Mill Computing, Inc. Forums The Mill Architecture IPC questions Reply To: IPC questions

Ivan Godard
Post count: 689

1) What happens if a callee of a portal call would need more than a page frame of stack?
We get stack with the alloca op, and if it overflows the current remaining free space then the system grabs more. The stack is segmented, so frames do not have to be contiguous with each other. This precludes certain stack games (often exploits) but most of those are impossible anyway because the stack links are not in user space.
2) Can a temporary grant to an address region to a callee in a portal call be temporarily forwarded to a third turf or to another thread in the callee’s turf?
Temporary grants can be re-temporary-granted. Whether they are visible to other threads using the same turf depends on the details of the passing mechanism used by the language RTS, but the hardware does not make it easy.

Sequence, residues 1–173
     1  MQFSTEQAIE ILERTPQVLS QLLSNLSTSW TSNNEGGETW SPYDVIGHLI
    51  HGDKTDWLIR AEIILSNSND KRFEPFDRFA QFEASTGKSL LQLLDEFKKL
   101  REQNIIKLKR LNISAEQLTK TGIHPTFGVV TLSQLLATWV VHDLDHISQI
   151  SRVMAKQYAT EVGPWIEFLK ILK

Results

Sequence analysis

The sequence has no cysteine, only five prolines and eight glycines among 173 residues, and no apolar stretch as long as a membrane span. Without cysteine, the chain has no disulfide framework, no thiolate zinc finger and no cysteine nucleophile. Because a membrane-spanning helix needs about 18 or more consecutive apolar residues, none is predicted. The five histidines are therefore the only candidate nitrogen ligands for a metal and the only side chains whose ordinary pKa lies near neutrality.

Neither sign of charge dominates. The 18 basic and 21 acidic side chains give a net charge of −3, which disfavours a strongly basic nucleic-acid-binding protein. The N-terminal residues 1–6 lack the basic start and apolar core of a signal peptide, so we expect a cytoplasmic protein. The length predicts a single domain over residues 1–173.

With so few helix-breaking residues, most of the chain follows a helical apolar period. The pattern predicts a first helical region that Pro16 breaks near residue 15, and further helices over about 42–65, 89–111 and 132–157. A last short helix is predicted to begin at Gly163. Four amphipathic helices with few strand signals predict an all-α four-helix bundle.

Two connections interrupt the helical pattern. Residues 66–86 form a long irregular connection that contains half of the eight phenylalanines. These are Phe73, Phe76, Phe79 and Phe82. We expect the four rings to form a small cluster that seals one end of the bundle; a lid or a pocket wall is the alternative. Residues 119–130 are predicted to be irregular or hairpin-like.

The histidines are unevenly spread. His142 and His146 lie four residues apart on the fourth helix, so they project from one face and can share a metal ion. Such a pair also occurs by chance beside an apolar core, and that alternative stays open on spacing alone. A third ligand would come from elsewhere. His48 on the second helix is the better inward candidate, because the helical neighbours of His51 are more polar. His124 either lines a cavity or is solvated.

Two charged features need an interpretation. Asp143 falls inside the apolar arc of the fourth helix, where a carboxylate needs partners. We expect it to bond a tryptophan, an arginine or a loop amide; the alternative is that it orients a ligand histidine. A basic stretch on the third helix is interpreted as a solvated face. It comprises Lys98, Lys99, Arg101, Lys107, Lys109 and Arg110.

3) Are portal calls compatible with C++’s exceptions?
Portal calls are compatible with exceptions; you can use a portal anywhere you could use a non-portal call.
4) What if a caller’s turf/process has a thread that crashes and the OS decides to kill all other threads attached to that turf … but one of those other threads is in a portal call?
I read that Sun Spring’s Door semantics would in that case make the callee finish and “return to the kernel”. I find that to be the most reasonable course of action. But how would the kernel be able to set up a different return address, trap or syscall to end the calling thread upon return?

OS policy is up to the OS. The hardware spec has little to do with it, other than to make sure that all plausible IS policies are possible. Because any thread (process, portal) that is in a turf that gives the right access can access the memory where the thread info and stack links are kept then that thread/process/portal can rearrange things arbitrarily. We expect that there will be a service that has the necessary access and exports an API to do useful things (like kill a thread and recover its resources) for use by everything from kill -9 to a debugger. We’re embarked on a reference implementation, but the policies are still unsettled.